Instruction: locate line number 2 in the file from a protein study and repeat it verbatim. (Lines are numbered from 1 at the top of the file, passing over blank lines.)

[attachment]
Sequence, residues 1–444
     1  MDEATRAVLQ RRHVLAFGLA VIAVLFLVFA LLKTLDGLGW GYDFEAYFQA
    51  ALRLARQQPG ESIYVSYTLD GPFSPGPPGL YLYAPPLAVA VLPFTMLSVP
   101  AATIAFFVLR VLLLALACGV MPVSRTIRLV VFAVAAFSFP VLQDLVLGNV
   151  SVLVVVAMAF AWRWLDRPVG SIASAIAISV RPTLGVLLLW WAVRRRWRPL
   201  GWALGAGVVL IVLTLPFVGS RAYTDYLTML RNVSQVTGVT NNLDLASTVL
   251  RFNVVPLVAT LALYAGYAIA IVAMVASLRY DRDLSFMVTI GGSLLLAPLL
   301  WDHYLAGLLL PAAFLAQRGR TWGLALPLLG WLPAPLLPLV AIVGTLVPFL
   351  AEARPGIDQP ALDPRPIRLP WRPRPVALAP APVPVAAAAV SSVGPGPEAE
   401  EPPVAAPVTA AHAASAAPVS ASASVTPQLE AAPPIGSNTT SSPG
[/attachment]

     1  MDEATRAVLQ RRHVLAFGLA VIAVLFLVFA LLKTLDGLGW GYDFEAYFQA